See also


  1. The citation of this Act by this short title was authorised by section 5 of, and Schedule 2 to, the Statute Law Revision Act 1948. Due to the repeal of those provisions, it is now authorised by section 19(2) of the Interpretation Act 1978.
  2. These words are printed against this Act in the second column of Schedule 2 to the Statute Law Revision Act 1948, which is headed "Title".
  3. Mews, John. The Digest of English Case Law Containing the Reported Decisions of the Superior Courts: And a Selection from Those of the Irish Courts [from 1557] to the End of 1897. Sweet and Maxwell. 1898. Volume 12. Page 101.
  4. House of Lords Journal: 24 May 1689: record of royal assent British History Online
  5. Text of the Act British History Online
  6. Bromley, John Selwyn (1970). The new Cambridge modern history. Cambridge University Press. p. 210. ISBN 0-521-07524-6. OCLC 58643836.<templatestyles src="Module:Citation/CS1/styles.css"></templatestyles>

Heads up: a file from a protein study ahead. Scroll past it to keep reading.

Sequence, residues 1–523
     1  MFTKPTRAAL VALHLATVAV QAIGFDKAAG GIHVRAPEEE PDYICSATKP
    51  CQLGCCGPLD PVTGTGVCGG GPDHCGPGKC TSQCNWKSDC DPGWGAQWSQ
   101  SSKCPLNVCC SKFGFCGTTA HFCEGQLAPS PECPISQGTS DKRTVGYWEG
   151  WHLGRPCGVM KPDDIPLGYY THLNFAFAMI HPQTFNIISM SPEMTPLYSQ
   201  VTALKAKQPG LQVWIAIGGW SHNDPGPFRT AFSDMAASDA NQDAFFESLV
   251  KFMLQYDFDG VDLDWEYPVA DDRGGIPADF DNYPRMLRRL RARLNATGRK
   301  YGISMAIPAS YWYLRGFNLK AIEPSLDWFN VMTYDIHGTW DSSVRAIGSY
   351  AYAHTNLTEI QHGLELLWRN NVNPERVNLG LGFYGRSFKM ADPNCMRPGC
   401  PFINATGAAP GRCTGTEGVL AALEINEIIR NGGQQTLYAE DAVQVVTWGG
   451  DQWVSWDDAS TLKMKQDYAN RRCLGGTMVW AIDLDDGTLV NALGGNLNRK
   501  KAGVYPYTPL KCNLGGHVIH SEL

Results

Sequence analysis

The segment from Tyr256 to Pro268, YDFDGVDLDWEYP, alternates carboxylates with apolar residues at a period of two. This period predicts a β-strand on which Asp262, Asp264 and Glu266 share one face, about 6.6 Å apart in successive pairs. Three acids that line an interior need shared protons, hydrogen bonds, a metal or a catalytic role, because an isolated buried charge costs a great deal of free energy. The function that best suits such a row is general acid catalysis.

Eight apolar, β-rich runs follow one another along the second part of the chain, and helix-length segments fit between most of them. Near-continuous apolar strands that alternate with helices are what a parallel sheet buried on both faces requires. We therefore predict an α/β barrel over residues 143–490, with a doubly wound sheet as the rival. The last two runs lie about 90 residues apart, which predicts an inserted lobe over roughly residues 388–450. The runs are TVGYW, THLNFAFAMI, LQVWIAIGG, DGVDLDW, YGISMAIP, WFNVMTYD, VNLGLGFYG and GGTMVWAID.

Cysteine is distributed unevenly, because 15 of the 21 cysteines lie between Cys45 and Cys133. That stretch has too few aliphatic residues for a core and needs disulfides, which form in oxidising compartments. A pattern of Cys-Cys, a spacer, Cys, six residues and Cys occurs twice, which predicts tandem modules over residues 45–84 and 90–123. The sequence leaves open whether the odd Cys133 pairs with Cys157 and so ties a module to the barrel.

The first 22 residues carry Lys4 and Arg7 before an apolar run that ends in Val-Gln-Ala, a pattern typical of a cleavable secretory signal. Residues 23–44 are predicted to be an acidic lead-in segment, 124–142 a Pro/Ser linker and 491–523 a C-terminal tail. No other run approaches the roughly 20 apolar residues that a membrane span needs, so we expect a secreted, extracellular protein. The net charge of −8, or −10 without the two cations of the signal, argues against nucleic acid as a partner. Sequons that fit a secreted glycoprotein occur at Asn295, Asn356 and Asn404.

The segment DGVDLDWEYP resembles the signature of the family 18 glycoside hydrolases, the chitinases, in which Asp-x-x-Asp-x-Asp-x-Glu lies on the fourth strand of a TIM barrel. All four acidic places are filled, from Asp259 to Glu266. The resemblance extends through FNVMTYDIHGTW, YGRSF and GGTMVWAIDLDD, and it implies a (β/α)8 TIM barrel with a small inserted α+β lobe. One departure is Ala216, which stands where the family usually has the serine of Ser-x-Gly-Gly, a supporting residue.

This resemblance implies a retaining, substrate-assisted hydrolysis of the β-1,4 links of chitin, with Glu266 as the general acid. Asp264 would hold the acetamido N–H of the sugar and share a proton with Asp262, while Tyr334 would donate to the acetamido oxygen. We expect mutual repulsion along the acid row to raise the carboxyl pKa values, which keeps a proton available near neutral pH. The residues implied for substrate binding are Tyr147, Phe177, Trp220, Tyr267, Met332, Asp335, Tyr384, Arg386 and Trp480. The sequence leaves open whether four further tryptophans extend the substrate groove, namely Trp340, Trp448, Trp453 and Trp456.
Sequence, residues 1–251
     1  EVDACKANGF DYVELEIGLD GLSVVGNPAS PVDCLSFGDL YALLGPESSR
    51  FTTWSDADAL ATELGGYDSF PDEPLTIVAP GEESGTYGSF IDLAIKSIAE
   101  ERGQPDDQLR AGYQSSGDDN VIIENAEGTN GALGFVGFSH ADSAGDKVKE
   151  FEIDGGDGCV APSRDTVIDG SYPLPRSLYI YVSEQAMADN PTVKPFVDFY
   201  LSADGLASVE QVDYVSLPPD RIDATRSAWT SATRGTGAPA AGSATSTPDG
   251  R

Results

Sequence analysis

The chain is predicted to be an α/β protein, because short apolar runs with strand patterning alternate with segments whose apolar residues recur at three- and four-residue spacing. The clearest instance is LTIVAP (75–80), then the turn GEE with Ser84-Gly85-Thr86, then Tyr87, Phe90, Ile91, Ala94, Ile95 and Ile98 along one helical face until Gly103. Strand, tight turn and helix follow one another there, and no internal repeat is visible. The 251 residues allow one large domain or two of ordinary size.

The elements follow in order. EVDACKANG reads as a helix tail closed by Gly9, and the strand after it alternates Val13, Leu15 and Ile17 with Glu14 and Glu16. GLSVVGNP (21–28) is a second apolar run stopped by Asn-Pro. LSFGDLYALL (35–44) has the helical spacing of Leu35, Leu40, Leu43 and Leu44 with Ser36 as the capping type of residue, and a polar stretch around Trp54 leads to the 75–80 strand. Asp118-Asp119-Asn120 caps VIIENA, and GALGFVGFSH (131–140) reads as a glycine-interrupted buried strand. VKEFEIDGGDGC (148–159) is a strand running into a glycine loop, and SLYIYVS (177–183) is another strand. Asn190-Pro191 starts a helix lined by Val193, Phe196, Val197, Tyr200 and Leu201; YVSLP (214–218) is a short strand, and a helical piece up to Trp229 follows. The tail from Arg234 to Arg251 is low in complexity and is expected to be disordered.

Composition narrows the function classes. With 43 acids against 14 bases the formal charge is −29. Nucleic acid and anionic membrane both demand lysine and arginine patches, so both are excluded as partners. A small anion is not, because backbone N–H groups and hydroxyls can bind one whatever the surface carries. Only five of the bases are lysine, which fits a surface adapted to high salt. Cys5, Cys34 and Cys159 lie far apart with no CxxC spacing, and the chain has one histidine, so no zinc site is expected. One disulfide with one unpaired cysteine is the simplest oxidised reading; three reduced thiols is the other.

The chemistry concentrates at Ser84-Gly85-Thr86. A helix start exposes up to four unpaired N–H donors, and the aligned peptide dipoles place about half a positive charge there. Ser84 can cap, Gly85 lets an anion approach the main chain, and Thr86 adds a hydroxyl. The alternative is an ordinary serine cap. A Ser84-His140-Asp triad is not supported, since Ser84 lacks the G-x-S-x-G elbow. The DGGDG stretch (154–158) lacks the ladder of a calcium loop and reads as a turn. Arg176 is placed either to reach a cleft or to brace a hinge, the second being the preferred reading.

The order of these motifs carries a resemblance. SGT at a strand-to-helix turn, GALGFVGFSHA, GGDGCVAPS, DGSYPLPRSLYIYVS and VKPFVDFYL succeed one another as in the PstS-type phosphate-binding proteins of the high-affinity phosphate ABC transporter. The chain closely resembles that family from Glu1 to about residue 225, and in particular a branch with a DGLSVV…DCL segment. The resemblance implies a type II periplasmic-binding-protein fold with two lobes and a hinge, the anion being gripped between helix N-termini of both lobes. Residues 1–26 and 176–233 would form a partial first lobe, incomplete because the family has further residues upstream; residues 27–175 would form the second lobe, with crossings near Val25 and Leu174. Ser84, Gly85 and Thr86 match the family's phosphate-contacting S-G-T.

7. 7.0 7.1 7.2 7.3 7.4 7.5 7.6 John J. Patrick, Gerald P. Long (1999). Constitutional Debates on Freedom of Religion: A Documentary History. Westport, CT: Greenwood Press.CS1 maint: uses authors parameter (link)<templatestyles src="Module:Citation/CS1/styles.css"></templatestyles>
  8. John Stephens, ‘Pickard, Edward (1714–1778)’, Oxford Dictionary of National Biography, Oxford University Press, 2004 accessed 18 Feb 2010
  9. 9.0 9.1 9.2 9.3 9.4 Kenneth Pearl (2011). Cracking the AP European History Exam. Princeton Review, Inc.<templatestyles src="Module:Citation/CS1/styles.css"></templatestyles>
  10. Russell Sandberg (2011). Law and Religion. Cambridge University Press.<templatestyles src="Module:Citation/CS1/styles.css"></templatestyles>

External links